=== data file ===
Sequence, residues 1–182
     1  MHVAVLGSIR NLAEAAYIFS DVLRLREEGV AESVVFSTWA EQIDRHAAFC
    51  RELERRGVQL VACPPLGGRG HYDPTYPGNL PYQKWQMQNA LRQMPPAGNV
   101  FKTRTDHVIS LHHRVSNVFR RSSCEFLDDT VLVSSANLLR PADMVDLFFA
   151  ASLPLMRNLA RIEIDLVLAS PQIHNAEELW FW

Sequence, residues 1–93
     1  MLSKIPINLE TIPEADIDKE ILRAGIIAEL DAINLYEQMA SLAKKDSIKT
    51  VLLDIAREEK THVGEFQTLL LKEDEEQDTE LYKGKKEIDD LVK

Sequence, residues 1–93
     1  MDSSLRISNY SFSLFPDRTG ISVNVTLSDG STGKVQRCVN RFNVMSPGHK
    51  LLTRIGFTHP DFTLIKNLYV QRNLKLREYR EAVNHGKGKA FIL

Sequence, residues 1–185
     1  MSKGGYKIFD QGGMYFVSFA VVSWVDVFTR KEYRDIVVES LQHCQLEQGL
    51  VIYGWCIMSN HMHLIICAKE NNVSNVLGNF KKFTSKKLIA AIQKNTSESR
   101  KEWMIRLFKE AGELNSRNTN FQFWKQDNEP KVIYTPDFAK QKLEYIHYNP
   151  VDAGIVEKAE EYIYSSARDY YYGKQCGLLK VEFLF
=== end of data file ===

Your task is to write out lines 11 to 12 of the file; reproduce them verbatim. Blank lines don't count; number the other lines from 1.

    51  LLTRIGFTHP DFTLIKNLYV QRNLKLREYR EAVNHGKGKA FIL

Sequence, residues 1–185